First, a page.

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#183581 - 03/14/09 01:50 AM Re: The Ten Commandments [Re: Faldage]  
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Buffalo Shrdlu Offline
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Vermont
heh

> Originally Posted By: God

HEH


formerly known as etaoin...
#183582 - 03/14/09 02:53 AM The (613) Commandments [Re: Faldage]  
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twosleepy Offline
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So Fal, where are the other 587?

#183585 - 03/14/09 12:10 PM Re: The (613) Commandments [Re: twosleepy]  
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Faldage Offline
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Oh, I'm sure they're scattered about in Leviticus. You know, stuff like not wearing 50/50 cotton/polyester T shirts, not eating crab rangoon, stuff like that. The ones I posted were the Ten Commandments 2.0, the ones God gave Moses after he broke the first ten.

#183588 - 03/14/09 01:19 PM Re: The (613) Commandments [Re: Faldage]  
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tsuwm Offline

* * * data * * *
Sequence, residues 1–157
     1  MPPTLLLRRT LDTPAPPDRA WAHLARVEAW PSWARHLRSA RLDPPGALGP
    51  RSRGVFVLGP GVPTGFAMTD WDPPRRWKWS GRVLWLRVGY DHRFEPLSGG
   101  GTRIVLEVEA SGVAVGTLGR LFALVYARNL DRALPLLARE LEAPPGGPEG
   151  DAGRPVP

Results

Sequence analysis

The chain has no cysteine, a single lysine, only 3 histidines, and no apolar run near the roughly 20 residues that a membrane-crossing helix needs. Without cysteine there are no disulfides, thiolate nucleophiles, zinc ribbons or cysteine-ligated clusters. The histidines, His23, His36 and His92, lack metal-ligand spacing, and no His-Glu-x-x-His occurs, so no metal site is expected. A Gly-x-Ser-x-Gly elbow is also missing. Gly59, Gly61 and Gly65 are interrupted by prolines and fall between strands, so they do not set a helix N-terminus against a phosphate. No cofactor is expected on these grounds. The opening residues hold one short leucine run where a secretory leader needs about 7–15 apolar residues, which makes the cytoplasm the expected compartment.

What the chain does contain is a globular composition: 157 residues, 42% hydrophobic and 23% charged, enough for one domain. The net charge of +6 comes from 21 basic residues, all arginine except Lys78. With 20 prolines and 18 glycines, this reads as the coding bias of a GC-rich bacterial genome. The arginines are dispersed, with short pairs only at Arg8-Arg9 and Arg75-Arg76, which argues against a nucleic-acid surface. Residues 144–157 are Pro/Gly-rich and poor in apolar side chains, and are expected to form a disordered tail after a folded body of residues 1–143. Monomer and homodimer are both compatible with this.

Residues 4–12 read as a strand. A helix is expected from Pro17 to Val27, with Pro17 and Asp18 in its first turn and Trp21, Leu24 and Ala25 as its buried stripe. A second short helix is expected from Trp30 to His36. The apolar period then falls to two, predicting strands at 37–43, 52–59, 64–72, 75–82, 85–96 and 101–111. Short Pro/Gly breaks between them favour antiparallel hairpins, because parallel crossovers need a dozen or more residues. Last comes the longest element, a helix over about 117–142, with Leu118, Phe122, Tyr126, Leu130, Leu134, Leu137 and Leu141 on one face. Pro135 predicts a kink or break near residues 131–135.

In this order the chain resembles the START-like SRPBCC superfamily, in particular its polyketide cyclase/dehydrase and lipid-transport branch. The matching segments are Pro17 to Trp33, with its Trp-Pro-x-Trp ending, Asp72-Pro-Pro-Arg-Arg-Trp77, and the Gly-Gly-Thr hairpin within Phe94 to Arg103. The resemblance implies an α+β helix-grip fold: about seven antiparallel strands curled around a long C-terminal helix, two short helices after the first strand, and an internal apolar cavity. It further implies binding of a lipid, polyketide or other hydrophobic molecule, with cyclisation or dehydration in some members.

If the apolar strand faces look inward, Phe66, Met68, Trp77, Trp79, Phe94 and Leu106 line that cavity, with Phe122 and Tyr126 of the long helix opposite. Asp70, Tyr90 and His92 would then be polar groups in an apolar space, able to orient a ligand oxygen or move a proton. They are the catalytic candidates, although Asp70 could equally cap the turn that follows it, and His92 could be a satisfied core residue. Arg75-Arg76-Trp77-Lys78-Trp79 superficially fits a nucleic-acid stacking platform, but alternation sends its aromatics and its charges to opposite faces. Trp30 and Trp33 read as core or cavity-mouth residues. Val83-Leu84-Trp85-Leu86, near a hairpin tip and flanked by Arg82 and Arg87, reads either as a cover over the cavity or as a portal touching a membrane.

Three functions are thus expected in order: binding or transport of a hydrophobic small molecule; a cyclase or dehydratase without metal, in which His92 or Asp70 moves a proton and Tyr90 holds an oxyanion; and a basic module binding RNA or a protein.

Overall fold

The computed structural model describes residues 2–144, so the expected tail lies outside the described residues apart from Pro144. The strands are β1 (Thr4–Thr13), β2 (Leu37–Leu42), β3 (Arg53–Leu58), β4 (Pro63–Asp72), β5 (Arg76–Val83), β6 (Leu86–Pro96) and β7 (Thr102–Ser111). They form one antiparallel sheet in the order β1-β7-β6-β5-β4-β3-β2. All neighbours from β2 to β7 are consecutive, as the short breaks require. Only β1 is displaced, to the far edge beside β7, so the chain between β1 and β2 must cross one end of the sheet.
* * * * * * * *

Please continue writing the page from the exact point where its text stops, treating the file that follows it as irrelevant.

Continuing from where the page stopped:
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this too shall pass
could you check the numbering, please? there seems to be some interpolated shalls (e.g., between 20/21, after 26). thanx.
-joe btfsplk

#183590 - 03/14/09 03:20 PM Re: The (613) Commandments [Re: Faldage]  
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LukeJavan8 Offline
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Originally Posted By: Faldage
Oh, I'm sure they're scattered about in Leviticus. You know, stuff like not wearing 50/50 cotton/polyester T shirts, not eating crab rangoon, stuff like that. The ones I posted were the Ten Commandments 2.0, the ones God gave Moses after he broke the first ten.


and in Numbers and Deuteronomy.


----please, draw me a sheep----
#183595 - 03/14/09 05:34 PM Re: The (613) Commandments [Re: LukeJavan8]  
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Numbers and Deuteronomy, of course. I shouldn't have forgotten those.

#183600 - 03/14/09 07:42 PM Re: The (613) Commandments [Re: Faldage]  
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PastorVon Offline